Lots of political oddities today as the presidential race shifts to Nevada, so settle in for your Thursday Three Martini Lunch. Join Jim and Greg as they get a big kick out of the large culinary workers union turning on the supposed candidate of the workers because they want to keep their health plan and Bernie Sanders wouldn’t let them do it under his plan. They also enjoy listening to MSNBC’s Chris Matthews fret that the Democrats could nominate Sanders or Michael Bloomberg when neither of them are actually Democrats. And they cringe as reports from Nevada emerge suggesting Democrats there are technologically unprepared for next week’s caucuses. Will it be a repeat of Iowa?
Jim Geraghty of National Review and Greg Corombos of Radio America slam California Attorney General Xavier Becerra for filing 15 felony accounts against the pro-life activists who recorded Planned Parenthood officials negotiating the price of aborted baby body parts. They also shake their heads as Pres. Trump tweets about fighting the House Freedom Caucus in 2018, most likely in response to their opposition to the GOP health care bill last week. And they get a kick out of Oregon Sen. Jeff Merkley suggesting any 5-4 Supreme Court decision with Neil Gorsuch in the majority would be illegitimate if Republicans kill the filibuster on nominees to the high court because he says Gorsuch would be an illegitimate justice.
The new chairman of the conservative House Freedom Caucus is promising one of the most consequential starts to a presidential administration in modern history, as Republican stand poised to run Congress and the White House.
Rep. Mark Meadows, R-N.C., made headlines in the last Congress for filing the resolution that led to the resignation of former House Speaker John Boehner, R-Ohio, in 2015. Now he says House conservatives are ready to make significant contributions on a wide range of issues.
“It’s really pushing that conservative, solution-oriented agenda so that the Senate take notice and understands that watered-down, business as usual kid of decisions aren’t going to happen,” said Meadows.
“Whether it’s on securing our border, whether it’s looking at the Syrian refugee issue, whether it’s pushing back against an anti-Israel UN, they’re going to get the opportunity to take votes and make the important decisions that are important to your listeners that are our constituents as well,” said Meadows.
And despite previous clashes with GOP leaders over spending and who sits in the speaker’s chair, Meadows is confident that leaders are listening to conservatives on key issues.
“I have seen a real willingness on behalf of this leadership to really consider those things in earnest. We know we’re not going to win every battle but also know that the debate will be a fair debate. Hopefully the results will represent the will of the vast majority of the American people,” said Meadows.
The issue getting the most attention leading up to Donald Trump’s inauguration is the dismantling of the Obama health care law. Meadows says the House Freedom Caucus will soon advocate voting for replacement legislation at the same time they push for repeal.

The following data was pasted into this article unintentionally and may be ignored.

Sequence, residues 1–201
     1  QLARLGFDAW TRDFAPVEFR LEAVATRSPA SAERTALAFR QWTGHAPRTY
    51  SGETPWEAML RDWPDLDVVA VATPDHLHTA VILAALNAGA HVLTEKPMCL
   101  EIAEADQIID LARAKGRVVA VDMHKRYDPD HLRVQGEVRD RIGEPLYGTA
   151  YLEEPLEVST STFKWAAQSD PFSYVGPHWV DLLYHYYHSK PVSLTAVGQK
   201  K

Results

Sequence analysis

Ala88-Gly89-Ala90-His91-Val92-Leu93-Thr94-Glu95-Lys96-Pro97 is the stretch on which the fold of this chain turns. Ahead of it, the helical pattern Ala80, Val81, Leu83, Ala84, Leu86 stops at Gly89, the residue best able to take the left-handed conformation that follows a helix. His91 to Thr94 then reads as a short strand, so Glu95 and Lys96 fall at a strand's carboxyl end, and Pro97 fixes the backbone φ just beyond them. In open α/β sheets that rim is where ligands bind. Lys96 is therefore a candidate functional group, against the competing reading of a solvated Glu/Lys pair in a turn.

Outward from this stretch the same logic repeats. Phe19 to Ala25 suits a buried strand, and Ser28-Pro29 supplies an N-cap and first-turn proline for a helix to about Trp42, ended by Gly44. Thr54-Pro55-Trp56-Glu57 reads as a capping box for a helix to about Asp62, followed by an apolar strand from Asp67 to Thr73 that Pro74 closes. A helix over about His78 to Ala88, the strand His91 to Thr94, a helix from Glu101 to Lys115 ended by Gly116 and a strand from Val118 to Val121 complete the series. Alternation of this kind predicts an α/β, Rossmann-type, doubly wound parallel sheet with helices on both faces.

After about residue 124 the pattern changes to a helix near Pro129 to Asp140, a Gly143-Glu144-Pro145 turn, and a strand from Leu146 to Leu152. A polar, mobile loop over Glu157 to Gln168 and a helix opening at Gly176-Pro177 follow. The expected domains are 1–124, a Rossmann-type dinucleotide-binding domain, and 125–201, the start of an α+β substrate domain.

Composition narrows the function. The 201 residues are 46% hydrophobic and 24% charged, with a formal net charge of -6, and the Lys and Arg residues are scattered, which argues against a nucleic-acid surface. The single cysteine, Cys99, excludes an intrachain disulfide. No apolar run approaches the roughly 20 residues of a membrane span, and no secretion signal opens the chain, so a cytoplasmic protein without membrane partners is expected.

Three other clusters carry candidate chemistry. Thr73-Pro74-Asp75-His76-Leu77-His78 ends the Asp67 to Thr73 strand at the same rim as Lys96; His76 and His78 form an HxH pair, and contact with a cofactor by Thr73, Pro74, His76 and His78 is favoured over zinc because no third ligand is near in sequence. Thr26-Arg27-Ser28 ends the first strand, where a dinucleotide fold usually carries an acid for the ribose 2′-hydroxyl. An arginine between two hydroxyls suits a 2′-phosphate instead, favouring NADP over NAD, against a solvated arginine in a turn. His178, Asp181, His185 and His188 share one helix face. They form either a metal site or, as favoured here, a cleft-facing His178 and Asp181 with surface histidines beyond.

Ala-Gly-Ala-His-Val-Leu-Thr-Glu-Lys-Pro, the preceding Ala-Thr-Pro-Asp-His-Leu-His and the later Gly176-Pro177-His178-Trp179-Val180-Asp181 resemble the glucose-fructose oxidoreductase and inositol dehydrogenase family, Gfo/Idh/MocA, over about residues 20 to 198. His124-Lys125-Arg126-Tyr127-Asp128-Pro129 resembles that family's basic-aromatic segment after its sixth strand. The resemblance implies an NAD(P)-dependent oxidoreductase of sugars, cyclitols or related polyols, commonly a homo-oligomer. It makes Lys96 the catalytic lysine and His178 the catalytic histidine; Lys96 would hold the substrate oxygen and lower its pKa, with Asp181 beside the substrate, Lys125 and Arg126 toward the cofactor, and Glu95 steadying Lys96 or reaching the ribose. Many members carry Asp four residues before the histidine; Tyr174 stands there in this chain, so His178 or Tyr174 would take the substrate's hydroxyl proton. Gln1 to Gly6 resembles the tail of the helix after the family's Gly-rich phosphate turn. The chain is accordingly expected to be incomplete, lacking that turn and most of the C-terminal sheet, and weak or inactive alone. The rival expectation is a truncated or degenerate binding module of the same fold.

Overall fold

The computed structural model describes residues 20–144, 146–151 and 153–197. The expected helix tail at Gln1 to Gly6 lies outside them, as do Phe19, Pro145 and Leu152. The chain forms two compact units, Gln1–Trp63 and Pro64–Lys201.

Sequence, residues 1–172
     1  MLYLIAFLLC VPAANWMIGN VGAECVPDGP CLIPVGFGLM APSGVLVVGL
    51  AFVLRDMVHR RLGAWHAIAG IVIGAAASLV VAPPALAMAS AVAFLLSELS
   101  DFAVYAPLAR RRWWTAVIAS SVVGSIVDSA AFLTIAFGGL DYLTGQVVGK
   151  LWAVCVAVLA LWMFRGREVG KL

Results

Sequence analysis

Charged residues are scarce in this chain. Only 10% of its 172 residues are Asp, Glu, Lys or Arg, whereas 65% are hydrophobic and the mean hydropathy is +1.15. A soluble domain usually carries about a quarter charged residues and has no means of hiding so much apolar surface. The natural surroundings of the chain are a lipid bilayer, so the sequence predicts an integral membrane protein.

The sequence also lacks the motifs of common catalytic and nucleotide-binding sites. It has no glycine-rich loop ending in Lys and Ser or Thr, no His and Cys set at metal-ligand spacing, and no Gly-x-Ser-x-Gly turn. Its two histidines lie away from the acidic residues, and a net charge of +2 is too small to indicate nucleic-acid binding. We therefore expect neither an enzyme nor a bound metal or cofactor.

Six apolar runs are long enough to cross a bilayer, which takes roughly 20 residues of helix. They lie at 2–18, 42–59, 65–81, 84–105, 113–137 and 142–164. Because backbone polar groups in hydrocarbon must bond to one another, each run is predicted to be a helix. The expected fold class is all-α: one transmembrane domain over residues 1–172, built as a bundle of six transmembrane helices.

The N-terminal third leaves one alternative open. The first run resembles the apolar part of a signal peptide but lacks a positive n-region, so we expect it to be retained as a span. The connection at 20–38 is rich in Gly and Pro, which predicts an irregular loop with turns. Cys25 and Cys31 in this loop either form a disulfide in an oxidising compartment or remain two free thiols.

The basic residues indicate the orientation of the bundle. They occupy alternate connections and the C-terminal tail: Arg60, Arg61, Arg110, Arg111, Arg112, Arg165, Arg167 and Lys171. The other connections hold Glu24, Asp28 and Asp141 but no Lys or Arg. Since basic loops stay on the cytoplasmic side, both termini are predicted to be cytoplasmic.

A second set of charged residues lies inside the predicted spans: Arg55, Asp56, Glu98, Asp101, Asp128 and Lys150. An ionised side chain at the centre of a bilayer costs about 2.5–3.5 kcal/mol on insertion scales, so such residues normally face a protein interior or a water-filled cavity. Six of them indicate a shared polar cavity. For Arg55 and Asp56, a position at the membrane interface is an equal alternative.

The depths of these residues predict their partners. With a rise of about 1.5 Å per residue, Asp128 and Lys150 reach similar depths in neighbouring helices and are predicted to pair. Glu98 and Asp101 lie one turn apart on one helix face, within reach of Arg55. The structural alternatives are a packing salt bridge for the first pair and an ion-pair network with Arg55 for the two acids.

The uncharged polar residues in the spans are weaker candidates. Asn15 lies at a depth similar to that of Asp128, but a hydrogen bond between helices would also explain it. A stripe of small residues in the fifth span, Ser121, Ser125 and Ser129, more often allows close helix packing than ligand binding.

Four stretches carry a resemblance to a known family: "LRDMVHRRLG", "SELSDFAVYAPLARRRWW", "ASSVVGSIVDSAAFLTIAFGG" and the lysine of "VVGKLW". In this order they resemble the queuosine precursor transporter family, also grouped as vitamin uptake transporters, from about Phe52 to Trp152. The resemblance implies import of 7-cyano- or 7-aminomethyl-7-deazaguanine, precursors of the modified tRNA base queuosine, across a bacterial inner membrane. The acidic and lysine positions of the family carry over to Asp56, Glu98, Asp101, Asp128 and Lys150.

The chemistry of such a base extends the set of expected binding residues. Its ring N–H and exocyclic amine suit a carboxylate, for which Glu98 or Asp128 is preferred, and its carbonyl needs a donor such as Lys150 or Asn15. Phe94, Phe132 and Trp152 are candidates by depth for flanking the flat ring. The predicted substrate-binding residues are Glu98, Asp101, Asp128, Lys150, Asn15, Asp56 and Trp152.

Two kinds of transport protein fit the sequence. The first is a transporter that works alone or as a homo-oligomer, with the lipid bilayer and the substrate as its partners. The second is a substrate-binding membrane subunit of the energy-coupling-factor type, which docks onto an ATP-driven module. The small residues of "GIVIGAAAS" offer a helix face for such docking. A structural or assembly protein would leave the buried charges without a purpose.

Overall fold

“I believe we’ll start to coalesce around Sen. Rand Paul’s idea of having a replacement bill voted on the same day we vote on repeal. I think it’s important for the American people to understand that there are and have been replacement plans out there. It’s important to vote on that,” said Meadows, who says the votes could come as early as late February or early March.
“I think it will pass the House, may fail in the Senate and probably would fail in the Senate,” said Meadows.
That said, Meadows says a lot of Obamacare can be repealed through reconciliation instructions, but not all of it can be scrapped that way. But he says any tax provisions and the mandates can get the boot from a simple majority in the Senate.
Meadows also made headlines last month for offering the Trump transition team a book of 200 federal regulations that Trump could repeal upon taking office. He says the list is quickly approaching 300 regulations and the response from Trump’s team has been very encouraging.
“I’ve been led to believe many of those could be repealed on the very day of the inauguration after the parade. President Trump will then go in and sign those executive orders and treat that as day one of his new presidency,” said Meadows, who believes the American people will be grateful for a government looking for ways to make their lives easier.
Meadows suspects there may be some battles among Republicans over spending down the line, but probably not until the appropriations process plays out in autumn.
He is also pushing back against reports that House conservatives will be less demanding of a Republican president. Reports in December quoted House Freedom Caucus members as saying they might be willing to allow new spending that is only 50 percent paid for in other spending reductions. Meadows insists nothing has changed.
“We believe that any additional dollar of spending must be offset. We don’t have a taxing problem. We don’t even have a revenue problem. We have a spending problem, so if we want to find money for other areas, we need to reallocate that from existing revenue streams,” said Meadows.
“We cannot put the burden on our grandchildren or our children’s future. We’ve got to take the hard position now, the difficult choices now to make sure that we’re fiscally responsible. The Freedom Caucus is committed to making sure that we do that,” said Meadows.